Learn all about the shadow archetype, including definition, characteristics, examples and how it relates to the Creator archetype.
What is the Shadow Archetype? (Shadow Psychology Definition)
According to psychoanalyst Carl Jung, the shadow archetype represents the dark side of a person’s personality and psyche.
In Jung’s collected works, he also referred to the shadow archetype as the ‘Id’ and believed that it represented an unconscious aspect of the personality which the conscious ego does not identify in itself, or otherwise was the the entirety of the individual’s unconscious (in other words, everything of which they are not fully conscious).
In short, the shadow is the unknown and dark side of an individual’s personality.
The shadow archetypes therefore consist of the most selfish, repressed and turbulent instincts and capabilities of the individual, ones which they themselves are not even conscious that they possess.
The archetype also represents the person’s weaknesses, their desires, failings, repressed ideas, shame and instincts.
Often the archetype is closely associated with the repressed sexuality and criminality of an individual. The person’s mind rejects these parts, fearing the darker aspects of the psyche, hence meaning that they lack awareness of these aspects of their nature.
Shadow Archetype Characteristics & Traits (also known as Shadow Characteristics)
- The shadow archetype is also often associated with wildness, chaos, mystery and the unknown.
- It can appear to an individual in a number of forms, including in visions or through their dreams.
- Jung in particular felt that the dreams of a person were an important window into this part of their psyche.
- The shadow archetype may also take on a human or animal form and has been associated with creature such as the snake, a dragon, a monster or a demon.
Shadow Archetype Examples
There are many examples of shadow archetypes in literature, like for instance in ‘The Strange Case of Dr. Jekyll and Mr. Hyde’ by Robert Louis Stevenson. Dr Jekyll is a kind, well-respected scientist but he chooses to explore the darker side of science to bring out his ‘second’ nature.
In doing so he transforms into his evil alter ego Mr Hyde. Hyde doesn’t repent or accept responsibility for crimes and misdeeds. Despite Jekyll’s best efforts to control Hyde, for a while successful, eventually Hyde takes over and the consequences lead to their deaths.
An example in recent television series of the shadow archetype is the character of Walter White in Breaking Bad. An ordinary family man at the start of the series, the darker aspects of his personality gradually take over until he becomes Heisenberg, a man prepared to commit the ultimate crime in order to achieve his own ends.
What are Shadow Self Types?
The Shadow self is an unconscious aspect of the personality that the ego does not identify with.
The Shadow contains all the things we consider to be negative: anger, sadness, fear, shame, and other emotions and impulses we try to repress.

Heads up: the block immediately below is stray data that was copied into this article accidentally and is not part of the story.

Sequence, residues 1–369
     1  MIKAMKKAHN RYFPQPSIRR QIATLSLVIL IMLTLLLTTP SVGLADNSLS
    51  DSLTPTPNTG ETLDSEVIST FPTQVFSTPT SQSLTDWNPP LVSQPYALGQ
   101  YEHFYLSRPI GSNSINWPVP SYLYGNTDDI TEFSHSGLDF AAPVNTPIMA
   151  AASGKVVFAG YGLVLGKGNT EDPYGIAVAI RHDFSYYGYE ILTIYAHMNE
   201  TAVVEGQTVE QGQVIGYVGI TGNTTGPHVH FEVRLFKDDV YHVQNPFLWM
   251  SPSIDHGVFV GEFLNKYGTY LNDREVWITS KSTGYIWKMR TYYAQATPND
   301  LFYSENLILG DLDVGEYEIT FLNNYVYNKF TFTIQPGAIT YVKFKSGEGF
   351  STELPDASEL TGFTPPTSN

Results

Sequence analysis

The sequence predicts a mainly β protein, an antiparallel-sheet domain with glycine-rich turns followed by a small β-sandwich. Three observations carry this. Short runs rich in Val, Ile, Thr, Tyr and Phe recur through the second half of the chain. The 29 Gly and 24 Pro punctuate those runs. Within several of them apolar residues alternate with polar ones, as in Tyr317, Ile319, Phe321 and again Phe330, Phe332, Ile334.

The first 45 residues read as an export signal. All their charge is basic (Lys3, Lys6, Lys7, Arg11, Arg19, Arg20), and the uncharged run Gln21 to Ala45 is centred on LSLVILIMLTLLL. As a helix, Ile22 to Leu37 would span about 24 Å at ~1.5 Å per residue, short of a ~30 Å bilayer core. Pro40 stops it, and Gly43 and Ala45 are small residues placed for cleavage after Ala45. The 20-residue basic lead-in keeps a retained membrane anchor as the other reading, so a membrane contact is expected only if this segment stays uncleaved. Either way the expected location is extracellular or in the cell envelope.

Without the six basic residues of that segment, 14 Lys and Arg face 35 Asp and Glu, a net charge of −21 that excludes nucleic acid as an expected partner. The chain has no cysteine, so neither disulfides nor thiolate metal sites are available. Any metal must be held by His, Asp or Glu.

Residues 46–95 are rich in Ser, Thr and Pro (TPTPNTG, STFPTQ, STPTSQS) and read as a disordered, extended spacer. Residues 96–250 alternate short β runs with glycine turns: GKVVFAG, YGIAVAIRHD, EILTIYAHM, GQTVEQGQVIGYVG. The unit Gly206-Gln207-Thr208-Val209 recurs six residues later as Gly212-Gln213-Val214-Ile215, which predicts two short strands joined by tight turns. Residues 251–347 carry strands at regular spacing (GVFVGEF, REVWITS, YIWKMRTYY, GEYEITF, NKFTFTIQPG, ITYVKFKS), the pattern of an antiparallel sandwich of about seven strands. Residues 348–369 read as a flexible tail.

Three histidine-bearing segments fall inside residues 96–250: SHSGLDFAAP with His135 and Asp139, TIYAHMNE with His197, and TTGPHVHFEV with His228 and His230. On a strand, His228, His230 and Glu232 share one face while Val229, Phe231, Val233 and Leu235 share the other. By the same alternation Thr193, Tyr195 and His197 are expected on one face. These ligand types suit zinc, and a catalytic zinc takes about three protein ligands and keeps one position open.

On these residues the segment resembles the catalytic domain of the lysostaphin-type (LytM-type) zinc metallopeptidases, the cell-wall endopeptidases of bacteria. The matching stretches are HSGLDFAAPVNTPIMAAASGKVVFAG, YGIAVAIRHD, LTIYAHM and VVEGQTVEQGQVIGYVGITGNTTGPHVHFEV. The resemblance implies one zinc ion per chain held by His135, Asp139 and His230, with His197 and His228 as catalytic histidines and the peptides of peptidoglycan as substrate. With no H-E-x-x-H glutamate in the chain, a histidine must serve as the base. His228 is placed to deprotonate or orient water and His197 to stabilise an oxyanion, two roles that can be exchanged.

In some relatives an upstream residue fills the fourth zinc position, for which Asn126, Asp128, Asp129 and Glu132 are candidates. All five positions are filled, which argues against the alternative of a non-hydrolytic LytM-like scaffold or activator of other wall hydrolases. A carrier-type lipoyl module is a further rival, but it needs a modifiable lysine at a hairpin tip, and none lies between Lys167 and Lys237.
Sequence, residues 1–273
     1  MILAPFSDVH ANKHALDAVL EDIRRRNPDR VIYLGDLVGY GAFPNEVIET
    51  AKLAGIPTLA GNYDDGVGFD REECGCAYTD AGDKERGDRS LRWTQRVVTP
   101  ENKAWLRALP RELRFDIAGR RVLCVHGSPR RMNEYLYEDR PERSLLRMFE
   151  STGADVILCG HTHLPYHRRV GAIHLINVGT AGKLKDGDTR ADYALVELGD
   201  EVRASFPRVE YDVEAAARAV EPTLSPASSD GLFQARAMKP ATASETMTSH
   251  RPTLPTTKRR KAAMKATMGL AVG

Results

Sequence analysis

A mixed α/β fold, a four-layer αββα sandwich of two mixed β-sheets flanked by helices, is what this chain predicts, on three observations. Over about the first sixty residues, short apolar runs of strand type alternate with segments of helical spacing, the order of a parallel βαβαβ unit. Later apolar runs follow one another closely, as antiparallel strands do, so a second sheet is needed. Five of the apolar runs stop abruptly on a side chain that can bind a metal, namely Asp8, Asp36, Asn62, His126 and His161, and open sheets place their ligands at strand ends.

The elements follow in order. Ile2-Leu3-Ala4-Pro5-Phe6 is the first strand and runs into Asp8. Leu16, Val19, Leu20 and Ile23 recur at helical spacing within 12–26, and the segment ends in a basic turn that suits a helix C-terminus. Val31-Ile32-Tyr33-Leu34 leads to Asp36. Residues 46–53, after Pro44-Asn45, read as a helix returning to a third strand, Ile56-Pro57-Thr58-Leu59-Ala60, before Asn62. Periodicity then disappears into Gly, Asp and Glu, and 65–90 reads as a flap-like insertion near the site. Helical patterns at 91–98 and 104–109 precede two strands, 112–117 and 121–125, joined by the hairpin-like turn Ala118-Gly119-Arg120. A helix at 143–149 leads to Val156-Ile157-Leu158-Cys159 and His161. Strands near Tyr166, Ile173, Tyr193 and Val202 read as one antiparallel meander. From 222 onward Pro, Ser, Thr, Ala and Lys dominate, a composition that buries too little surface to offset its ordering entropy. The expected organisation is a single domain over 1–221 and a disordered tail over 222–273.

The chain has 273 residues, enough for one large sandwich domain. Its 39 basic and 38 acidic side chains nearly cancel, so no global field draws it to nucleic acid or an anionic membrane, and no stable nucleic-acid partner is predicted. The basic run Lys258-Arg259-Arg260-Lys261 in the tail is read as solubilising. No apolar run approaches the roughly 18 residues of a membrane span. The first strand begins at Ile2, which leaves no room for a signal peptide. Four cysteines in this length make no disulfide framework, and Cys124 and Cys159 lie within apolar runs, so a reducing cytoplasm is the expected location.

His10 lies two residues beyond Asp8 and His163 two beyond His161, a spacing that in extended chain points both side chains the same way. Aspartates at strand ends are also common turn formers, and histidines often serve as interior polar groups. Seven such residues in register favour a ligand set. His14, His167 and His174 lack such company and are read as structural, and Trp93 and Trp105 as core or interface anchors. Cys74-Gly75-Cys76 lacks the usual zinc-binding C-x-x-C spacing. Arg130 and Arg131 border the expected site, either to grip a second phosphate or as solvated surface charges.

The Shadow is often projection of what we don’t want to see in ourselves.
For example, if someone is constantly putting others down, they are likely projecting their own feelings of inferiority.
We all have a Shadow self, and acknowledging it can be an important step in personal growth.
There are four main types of Shadow selves: the Critic, the Victim, the Addict, and the Saboteur.
The Critic is the voice of perfectionism and judgment.
The Victim believes they are powerless and needy.
The Addict seeks numbing through substances or behaviors.
And the Saboteur amplifies fears and doubts to keep us from taking risks.
Recognizing which type of Shadow self you have can help you begin to work with it instead of against it.
Shadow work can be challenging, but it can also be incredibly rewarding.
It’s a chance to get to know ourselves on a deeper level and to bring healing to old wounds.
Examples of Shadow Self
The shadow self is the side of us that is dark, irrational, and often buried deep within our subconscious.
Our shadow self can be uncomfortable to acknowledge, but it’s an important part of who we are.
Recognizing and accepting our shadow selves can help us become more well-rounded and whole people.
Some common shadow self examples include: envy, anger, greed, violence, insecurity, and jealousy.
We may try to suppress these aspects of ourselves, but they can often come out in unexpected ways.
For example, you may find yourself getting jealous when a friend succeeds or gossiping about someone behind their back.
Shadow self behaviors can be harmful to ourselves and others, but recognizing them is the first step towards changing them.
Further reading on the shadow archetype includes:
- Walking Shadows: Archetype and Psyche in Crisis and Growth – by Tim Read
- Jung: An Introduction Into the World of Carl Jung: The Shadow, The Archetypes and the Symbols (Psychology and the Mind) – by Meredith Moonchild
- Meeting the Shadow: Hidden Power of the Dark Side of Human Nature (New Consciousness Reader) – by Connie Zweig and Jeremiah Abrams
- The Problem of the Archetype of the Shadow in the Psychology of C. G. Jung – by Maria Dias
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